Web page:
Biol 6312

1 May 2018

Lesson 11: Jmol video and HW#8

Download the text file jmol-animation-script.txt

Links to Jmol-WIKI:

Today we will try to make a movie file from a series of Jmol-generated jpg files.

1. Launch Jmol.jar and open a pdb file, then open the console.

2. Make the background white, and render the molecule as you like.

To turn off the Jmol logo, type "frank off"

3. Open the text file linked above: jmol-animation-script.txt

4. In the text file it says: ~fileprefix = "jpg-frames1/“

5. So, you must make a folder named "jpg-frames1" in your jmol folder. That is where the jpg files will be saved.

6. If you make more than one set of jpgs, you should name those folders "jpg-frames2“, etc. Then change the script file to say ~fileprefix = "jpg-frames2/“ , etc. Otherwise Jmol will simply overwrite your files, without any warning.

7. In the text file it also says: rotate y @~degstep

8. You can change the axis of rotation: The y axis is vertical. The x axis is horizontal, and the z axis is coming out at you. Sometimes you might want to rotate around x. Rotation around z does not show you anything.

9. In the text file it also says: ~degstep = 1 # or 2, degrees per step

The 1 indicates it will rotate one degree, then save another image file. You can decrease the size of the rotation to make a smoother, but larger file size. If you use a 2 degree step, final file will be one half the size, but the video will probably look the same.

10. Now go to the text file and select all, and copy. This is the last time to alter the text.

11. Go to the console window of Jmol, and paste.

12. It should start to make the files immediately. It will take a few minutes to make all 360 jpgs.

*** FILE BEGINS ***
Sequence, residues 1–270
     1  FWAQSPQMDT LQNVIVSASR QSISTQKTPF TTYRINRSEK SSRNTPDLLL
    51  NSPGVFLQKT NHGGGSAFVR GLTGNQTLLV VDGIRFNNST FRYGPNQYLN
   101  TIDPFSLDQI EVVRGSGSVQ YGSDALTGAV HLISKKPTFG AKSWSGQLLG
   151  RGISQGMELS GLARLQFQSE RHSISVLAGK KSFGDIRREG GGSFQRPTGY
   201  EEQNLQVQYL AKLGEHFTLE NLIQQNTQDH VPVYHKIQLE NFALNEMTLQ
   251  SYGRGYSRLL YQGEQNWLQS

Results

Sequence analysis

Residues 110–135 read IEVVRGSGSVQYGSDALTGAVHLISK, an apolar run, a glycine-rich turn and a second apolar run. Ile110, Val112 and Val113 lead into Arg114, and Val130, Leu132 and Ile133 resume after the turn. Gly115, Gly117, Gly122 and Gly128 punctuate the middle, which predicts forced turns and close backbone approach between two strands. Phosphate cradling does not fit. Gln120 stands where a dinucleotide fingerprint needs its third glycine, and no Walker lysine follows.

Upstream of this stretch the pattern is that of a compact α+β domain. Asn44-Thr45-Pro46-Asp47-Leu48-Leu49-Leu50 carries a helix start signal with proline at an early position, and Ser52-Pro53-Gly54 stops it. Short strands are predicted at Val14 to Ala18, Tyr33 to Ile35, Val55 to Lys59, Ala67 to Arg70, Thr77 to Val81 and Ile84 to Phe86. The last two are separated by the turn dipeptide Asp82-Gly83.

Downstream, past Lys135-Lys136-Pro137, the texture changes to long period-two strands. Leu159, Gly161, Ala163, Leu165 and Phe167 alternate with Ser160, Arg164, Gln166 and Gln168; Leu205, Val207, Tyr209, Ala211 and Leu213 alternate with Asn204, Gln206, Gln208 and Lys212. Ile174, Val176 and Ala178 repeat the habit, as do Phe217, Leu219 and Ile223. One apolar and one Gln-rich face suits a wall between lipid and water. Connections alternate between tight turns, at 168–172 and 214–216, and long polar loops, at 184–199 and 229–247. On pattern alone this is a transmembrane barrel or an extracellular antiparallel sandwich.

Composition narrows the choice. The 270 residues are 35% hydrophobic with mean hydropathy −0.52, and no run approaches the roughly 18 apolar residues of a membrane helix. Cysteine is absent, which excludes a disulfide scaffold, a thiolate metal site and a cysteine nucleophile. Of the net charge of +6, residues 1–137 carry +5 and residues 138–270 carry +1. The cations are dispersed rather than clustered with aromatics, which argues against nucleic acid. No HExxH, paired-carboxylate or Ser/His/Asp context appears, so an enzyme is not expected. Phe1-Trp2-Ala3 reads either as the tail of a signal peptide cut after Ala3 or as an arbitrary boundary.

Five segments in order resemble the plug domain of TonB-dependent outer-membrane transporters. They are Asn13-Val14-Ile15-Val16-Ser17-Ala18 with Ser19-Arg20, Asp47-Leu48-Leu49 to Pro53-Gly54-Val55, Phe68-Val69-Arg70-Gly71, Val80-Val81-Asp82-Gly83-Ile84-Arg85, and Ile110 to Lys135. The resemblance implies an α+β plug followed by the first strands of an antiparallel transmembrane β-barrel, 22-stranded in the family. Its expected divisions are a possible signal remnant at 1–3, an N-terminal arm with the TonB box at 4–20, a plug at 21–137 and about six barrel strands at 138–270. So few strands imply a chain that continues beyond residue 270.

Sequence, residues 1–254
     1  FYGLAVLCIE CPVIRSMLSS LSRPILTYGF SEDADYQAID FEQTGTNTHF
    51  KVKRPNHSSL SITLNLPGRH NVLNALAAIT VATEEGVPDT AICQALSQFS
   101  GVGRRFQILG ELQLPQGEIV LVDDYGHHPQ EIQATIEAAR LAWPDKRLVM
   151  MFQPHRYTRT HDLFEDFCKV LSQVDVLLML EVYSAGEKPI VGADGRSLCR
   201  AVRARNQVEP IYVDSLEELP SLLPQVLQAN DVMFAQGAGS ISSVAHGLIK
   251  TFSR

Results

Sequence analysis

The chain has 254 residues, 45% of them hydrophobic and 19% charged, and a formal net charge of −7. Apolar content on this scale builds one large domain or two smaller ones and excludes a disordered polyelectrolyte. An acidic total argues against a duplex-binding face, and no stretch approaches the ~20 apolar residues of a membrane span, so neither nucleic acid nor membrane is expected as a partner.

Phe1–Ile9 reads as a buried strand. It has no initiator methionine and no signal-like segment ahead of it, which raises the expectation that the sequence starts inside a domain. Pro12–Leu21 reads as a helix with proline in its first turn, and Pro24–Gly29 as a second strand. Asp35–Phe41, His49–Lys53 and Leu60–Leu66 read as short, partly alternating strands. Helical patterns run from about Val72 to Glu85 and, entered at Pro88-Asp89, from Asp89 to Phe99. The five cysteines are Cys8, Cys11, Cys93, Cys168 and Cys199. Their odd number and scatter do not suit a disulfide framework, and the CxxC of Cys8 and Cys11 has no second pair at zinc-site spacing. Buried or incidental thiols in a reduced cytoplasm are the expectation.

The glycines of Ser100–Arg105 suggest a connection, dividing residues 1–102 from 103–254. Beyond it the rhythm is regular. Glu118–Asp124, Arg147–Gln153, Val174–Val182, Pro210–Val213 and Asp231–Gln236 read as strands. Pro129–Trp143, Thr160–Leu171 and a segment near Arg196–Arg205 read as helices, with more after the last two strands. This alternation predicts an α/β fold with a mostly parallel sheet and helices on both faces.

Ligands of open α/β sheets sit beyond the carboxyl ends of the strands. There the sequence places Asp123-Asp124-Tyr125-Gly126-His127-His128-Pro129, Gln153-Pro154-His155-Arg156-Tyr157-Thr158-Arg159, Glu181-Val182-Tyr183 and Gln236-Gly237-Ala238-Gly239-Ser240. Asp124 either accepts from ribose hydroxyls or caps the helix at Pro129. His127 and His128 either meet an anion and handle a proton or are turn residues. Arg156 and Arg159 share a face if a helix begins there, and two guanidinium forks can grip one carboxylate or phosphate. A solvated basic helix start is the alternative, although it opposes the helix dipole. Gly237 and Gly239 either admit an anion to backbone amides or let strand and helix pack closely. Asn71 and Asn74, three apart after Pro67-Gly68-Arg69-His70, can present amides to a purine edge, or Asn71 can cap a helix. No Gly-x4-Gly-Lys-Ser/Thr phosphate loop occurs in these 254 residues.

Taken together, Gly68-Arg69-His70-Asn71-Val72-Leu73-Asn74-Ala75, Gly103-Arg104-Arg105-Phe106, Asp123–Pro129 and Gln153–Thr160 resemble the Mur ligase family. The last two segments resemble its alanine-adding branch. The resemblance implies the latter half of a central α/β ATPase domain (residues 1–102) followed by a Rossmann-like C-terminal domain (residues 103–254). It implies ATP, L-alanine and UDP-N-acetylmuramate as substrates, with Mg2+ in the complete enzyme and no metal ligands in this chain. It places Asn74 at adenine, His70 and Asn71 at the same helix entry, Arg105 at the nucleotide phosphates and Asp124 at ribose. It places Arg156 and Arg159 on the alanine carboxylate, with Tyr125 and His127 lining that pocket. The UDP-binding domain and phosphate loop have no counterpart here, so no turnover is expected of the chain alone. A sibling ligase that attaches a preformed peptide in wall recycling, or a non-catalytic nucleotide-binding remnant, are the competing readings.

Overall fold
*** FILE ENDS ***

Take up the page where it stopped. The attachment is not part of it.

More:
13. To make the movie file, you will need other software. I will show how to do it in Photoshop CC 2017 for Mac.

14. Launch Photoshop.

15. Under 'File', go to 'Open' and find the first jpg in the folder, e.g. "m1.jpg". Select it, then click the box for Options, and check "Image Sequence", then click open. You have the option to change the frame rate (default 30 is good). Click OK. The first image should appear.

16. Under 'File', 'Export', choose 'Render Video'. In the box you can name the video file, change where it will be saved, alter the quality, and choose which frames to use. When ready, click 'Render'.

17. Go to the file and open it.

18. If you do not have access to Photoshop, other software might be available. Or take your files to an SMU computer that has Photoshop installed.

19. Send me your video, or compress the folder of jpgs and email to me. I will make it for you.

20. Or Download ChimeraX. It's rather easy to make a simple video.

UCSF ChimeraX: Meeting modern challenges in visualization and analysis.
Goddard TD, Huang CC, Meng EC, Pettersen EF, Couch GS, Morris JH, Ferrin TE.
Protein Sci. 2018 Jan;27(1):14-25

Comments/questions: email me

Copyright 2018, Steven B. Vik, Southern Methodist University

Last modified May 1, 2018